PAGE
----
The Sino-French Connection
Reflections on a half-century of diplomatic relations between China and France
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UPDATED: January 20, 2014 NO. 4 JANUARY 23, 2014
The Sino-French Connection
Reflections on a half-century of diplomatic relations between China and France
By Jiang Shixue

CULTURAL SYNERGY: A dragon float pass down the Champs Elysees Avenue in Paris during celebrations for the Chinese Spring Festival on January 24, 2004 (CFP)


After establishing an official relationship, the relations between the two countries gradually got on the right track. However, Sino-French relations have not always been smooth over the past half-century. In 1992, France decided to sell arms to China's Taiwan, infringing upon China's sovereignty and interfering with its domestic affairs. China reacted with decisive measures: Some proposed joint projects were canceled; France's Consulate General in Guangzhou was closed; and bilateral exchanges above the ministerial level were shelved. The Sino-French relationship was thus badly hurt due to France's misjudgment.

It was not until early 1994, when a joint communiqué was published, that bilateral relations were once again normalized. In the document, France recognized that Taiwan is a part of the People's Republic of China and promised not to sell arms to the region again. In the more than 10 years that followed, Sino-French relations witnessed rapid progress and fruitful cooperation in various fields including politics, the economy, science and culture.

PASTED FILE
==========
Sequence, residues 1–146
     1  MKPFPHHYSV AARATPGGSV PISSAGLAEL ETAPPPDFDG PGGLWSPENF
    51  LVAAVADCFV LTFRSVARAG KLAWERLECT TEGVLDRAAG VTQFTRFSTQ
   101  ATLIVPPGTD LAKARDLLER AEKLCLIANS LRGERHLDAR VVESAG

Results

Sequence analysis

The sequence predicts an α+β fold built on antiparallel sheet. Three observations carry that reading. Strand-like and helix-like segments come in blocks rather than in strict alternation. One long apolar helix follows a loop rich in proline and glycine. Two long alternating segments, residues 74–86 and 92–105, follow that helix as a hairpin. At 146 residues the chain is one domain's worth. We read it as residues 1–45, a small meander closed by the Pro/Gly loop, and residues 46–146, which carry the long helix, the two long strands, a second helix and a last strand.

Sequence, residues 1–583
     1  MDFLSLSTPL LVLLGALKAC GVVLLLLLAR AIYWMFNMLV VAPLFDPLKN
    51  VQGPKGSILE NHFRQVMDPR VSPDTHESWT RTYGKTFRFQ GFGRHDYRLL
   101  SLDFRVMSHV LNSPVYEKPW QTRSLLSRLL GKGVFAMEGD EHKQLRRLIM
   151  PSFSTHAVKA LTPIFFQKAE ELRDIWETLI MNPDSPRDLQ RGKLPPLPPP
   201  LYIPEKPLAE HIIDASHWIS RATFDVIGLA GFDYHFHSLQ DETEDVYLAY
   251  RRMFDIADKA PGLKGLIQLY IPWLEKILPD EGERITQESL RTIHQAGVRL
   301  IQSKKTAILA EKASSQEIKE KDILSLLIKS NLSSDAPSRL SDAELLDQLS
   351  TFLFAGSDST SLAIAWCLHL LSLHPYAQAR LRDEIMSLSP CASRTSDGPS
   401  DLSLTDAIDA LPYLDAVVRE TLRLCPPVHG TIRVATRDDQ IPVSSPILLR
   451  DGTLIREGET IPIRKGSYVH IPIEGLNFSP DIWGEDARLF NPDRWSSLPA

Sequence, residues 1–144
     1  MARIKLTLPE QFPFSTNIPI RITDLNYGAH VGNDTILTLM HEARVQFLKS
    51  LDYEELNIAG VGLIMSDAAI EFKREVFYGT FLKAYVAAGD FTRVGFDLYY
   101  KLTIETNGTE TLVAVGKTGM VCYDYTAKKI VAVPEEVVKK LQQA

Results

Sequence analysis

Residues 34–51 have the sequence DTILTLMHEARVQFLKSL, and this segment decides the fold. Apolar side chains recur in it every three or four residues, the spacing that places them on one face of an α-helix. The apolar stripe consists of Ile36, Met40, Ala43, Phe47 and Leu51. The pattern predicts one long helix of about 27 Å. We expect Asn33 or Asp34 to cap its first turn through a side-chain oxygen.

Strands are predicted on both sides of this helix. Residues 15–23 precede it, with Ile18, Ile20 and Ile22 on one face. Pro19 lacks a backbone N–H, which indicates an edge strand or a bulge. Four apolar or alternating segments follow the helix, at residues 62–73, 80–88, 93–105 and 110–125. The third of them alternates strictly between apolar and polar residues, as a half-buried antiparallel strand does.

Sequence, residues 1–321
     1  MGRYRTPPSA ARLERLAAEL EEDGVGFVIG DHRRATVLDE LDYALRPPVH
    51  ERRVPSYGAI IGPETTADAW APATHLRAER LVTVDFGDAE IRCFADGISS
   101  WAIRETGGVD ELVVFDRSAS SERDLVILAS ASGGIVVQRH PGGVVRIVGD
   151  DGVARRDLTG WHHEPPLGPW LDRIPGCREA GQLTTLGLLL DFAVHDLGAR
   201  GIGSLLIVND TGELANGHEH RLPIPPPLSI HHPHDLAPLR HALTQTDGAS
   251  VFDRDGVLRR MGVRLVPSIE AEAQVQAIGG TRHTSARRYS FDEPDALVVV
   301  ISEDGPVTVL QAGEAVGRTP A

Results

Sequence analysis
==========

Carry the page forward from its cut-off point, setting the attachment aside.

On July 1, 2008, France assumed the rotating EU presidency. It should have been a good opportunity for the then French President Sarkozy to promote relations between France and China. But he blackmailed China by saying that he would only attend the opening ceremony of the Beijing Olympics if the dialogue between the Central Government of China and the representatives of the Dalai Lama could be fruitful. Though Sarkozy later attended the ceremony, he also met with the Dalai Lama, whom the Chinese Government accuses of attempting to separate Tibet from China, that December, the first head of state of the EU presidency to do so.

Sarkozy's defiance was met with a strong reaction. China felt dissatisfied with the irresponsible moves of the French side. The planned China-EU Summit was postponed, and the then Chinese Premier Wen Jiabao's trip to Europe in early 2009 excluded France. Premier Wen later said that, when he looked at the map, he noticed that his airplane circled around France. He added, "The reason France was not included in the trip is known to all. It is not China's fault."

To restore bilateral relations, China and France issued a joint press communiqué on April 1, 2009, in which France recognized the importance and sensitivity of the Tibet issue, reaffirmed its adherence to the one-China policy and the position that Tibet is an integral part of Chinese territory, and refused to support any form of "Tibet independence."

In November 2010, the then Chinese President Hu Jintao paid a visit to France. After Hu's meeting with Sarkozy, the two countries issued a joint statement, pledging to build a new, mature and stable comprehensive strategic partnership based on mutual trust and mutual benefit. Sino-French relations thereby entered a new stage of development.

Sino-EU relations

Despite these ups and downs, both sides agree on the necessity to deepen bilateral relations further. At a time when the international political and economic pattern has undergone profound changes, it is particularly important for China and France, two permanent members of the UN Security Council, to jointly take on more responsibilities in maintaining world peace and promoting global development.

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